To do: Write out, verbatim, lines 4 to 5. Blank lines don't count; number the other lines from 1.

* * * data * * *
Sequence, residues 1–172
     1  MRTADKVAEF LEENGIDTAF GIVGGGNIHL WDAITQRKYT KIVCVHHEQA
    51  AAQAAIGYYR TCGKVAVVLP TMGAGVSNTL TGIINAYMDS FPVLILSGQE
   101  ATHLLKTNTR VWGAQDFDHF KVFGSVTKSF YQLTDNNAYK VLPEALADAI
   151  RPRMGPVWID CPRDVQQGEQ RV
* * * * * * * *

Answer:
   101  ATHLLKTNTR VWGAQDFDHF KVFGSVTKSF YQLTDNNAYK VLPEALADAI
   151  RPRMGPVWID CPRDVQQGEQ RV